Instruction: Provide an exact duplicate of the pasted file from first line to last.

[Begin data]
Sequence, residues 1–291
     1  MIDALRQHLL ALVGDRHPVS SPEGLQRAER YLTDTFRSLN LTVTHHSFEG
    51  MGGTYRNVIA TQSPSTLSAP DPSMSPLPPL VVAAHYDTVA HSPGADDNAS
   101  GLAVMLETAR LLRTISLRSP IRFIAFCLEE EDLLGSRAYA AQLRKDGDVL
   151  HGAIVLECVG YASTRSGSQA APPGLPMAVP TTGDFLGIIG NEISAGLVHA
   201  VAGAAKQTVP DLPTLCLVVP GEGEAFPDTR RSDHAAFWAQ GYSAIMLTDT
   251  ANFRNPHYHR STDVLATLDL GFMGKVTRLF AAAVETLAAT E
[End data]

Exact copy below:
Sequence, residues 1–291
     1  MIDALRQHLL ALVGDRHPVS SPEGLQRAER YLTDTFRSLN LTVTHHSFEG
    51  MGGTYRNVIA TQSPSTLSAP DPSMSPLPPL VVAAHYDTVA HSPGADDNAS
   101  GLAVMLETAR LLRTISLRSP IRFIAFCLEE EDLLGSRAYA AQLRKDGDVL
   151  HGAIVLECVG YASTRSGSQA APPGLPMAVP TTGDFLGIIG NEISAGLVHA
   201  VAGAAKQTVP DLPTLCLVVP GEGEAFPDTR RSDHAAFWAQ GYSAIMLTDT
   251  ANFRNPHYHR STDVLATLDL GFMGKVTRLF AAAVETLAAT E